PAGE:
Sexual disruption is reported in wild fish populations living in freshwaters receiving discharges of wastewater treatment works (WwTW) effluents and is associated primarily with the feminisation of males by exposure to oestrogenic chemicals. Antiandrogens could also contribute to the feminisation of male fish, but there are far less data supporting this hypothesis and almost nothing is known for the effects of oestrogens in combination with antiandrogens in fish. We conducted a series of in vivo exposures in two fish species to investigate the potency on reproductive-relevant endpoints of the antiandrogenic antimicrobials triclosan (TCS), chlorophene (CP) and dichlorophene (DCP) and the resin, abietic acid (AbA), all found widely in WwTW effluents. We also undertook exposures with a mixture of antiandrogens and a mixture of antiandrogens in combination with the oestrogen 17α-ethinyloestradiol (EE2). In stickleback (Gasterosteus aculeatus), DCP showed a tendency to reduce spiggin induction in females androgenised by dihydrotestosterone (DHT), but these findings were not conclusive. In roach (Rutilus rutilus), exposures to DCP (178 days), or a mixture of TCS, CP and AbA (185 days), or to the model antiandrogen flutamide (FL, 178 days) had no effect on gonadal sex ratio or on the development of the reproductive ducts. Exposure to EE2 (1.5. ng/L, 185 days) induced feminisation of the ducts in 17% of the males and in the mixture of antiandrogens (TCS, CP, AbA) in combination with EE2, almost all (96%) of the males had a feminised reproductive ducts. In stickleback androgen receptor (ARα and ARβ) transactivation assays, the model antiandrogens, FL and procymidone inhibited 11-ketotestosterone (11-KT) induced receptor activation, but none of the human antiandrogens, TCS, CP, DCP and AbA had an effect. These data indicate that antimicrobial antiandrogens in combination can contribute to the feminisation process in exposed males, but they do not appear to act through the androgen receptor in fish.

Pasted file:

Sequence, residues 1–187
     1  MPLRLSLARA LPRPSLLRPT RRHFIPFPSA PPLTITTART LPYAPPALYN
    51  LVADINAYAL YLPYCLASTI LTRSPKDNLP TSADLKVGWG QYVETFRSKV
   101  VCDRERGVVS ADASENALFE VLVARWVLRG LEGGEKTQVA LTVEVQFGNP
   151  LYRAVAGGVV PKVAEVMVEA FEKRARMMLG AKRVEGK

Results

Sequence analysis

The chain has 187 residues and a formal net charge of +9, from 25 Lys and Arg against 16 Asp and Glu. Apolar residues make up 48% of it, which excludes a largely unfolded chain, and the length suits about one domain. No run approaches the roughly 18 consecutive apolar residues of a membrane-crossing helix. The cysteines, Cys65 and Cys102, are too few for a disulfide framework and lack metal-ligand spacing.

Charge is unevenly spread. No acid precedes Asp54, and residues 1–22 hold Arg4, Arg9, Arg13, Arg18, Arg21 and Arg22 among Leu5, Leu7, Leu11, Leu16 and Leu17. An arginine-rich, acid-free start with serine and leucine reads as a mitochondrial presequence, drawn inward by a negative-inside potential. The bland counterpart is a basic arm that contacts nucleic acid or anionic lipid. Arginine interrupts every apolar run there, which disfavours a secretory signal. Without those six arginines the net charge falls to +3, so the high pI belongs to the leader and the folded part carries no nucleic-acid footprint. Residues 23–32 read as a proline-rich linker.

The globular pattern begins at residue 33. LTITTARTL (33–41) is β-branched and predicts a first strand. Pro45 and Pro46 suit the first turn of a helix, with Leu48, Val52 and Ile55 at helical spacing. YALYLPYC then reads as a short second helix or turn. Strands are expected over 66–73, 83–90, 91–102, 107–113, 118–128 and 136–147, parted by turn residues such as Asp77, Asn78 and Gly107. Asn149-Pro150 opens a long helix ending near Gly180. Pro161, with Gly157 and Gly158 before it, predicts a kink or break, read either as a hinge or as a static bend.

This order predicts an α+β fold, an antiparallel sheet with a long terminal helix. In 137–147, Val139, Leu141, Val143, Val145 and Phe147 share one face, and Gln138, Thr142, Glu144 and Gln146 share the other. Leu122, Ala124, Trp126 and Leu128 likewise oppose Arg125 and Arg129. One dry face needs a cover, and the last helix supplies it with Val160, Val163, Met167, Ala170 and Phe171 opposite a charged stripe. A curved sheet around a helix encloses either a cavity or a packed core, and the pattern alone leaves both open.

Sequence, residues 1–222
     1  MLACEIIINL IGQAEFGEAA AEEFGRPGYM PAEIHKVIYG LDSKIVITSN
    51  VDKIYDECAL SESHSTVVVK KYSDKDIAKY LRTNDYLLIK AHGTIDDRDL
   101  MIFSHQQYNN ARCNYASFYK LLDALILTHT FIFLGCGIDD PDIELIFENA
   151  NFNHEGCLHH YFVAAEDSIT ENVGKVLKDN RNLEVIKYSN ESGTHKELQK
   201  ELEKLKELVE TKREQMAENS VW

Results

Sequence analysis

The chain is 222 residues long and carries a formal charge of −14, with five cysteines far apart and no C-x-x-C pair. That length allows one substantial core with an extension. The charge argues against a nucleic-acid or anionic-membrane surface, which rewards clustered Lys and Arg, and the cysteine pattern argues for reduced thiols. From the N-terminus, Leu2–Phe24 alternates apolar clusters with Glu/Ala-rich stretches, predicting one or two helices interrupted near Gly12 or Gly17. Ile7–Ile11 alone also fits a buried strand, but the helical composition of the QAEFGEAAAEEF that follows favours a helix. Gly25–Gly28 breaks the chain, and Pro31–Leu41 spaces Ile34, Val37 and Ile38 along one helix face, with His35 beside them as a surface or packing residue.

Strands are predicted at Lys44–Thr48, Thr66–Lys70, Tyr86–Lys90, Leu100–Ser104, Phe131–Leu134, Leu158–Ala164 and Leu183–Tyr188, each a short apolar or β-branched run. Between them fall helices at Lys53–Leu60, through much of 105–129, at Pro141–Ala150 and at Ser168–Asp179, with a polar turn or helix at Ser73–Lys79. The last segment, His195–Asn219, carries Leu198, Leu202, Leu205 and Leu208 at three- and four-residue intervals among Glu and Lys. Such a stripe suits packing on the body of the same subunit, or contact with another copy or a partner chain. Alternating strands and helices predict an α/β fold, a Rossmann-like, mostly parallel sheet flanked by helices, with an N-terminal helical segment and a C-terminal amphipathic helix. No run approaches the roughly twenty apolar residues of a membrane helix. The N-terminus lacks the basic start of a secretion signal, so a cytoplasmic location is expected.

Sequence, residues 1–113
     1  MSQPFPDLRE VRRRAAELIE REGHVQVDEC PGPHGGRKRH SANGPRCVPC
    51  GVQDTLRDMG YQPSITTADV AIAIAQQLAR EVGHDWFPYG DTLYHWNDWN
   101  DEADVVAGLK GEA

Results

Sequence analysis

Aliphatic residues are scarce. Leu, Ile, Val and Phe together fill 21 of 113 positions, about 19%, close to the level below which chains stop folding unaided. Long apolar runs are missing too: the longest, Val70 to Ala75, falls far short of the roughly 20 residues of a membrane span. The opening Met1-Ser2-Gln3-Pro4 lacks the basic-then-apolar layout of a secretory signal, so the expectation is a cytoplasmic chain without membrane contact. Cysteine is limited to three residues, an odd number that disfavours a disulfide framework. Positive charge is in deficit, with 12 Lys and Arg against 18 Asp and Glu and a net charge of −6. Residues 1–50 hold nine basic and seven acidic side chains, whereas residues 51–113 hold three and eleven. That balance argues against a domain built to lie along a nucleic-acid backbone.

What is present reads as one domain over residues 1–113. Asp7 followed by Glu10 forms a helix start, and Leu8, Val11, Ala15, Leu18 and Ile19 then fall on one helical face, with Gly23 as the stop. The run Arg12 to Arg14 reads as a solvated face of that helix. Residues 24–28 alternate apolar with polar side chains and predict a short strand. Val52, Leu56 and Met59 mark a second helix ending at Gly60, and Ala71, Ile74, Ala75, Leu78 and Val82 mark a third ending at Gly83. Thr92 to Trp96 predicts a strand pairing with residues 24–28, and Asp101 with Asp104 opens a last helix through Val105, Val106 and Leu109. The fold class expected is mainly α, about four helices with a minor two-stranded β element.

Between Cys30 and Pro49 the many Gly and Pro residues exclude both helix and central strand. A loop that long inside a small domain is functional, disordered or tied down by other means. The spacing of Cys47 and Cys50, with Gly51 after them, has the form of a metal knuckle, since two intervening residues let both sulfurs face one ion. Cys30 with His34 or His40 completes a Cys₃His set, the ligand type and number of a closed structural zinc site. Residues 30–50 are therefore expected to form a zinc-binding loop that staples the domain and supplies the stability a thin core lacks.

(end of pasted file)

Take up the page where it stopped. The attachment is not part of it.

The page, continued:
- Endocrine disruption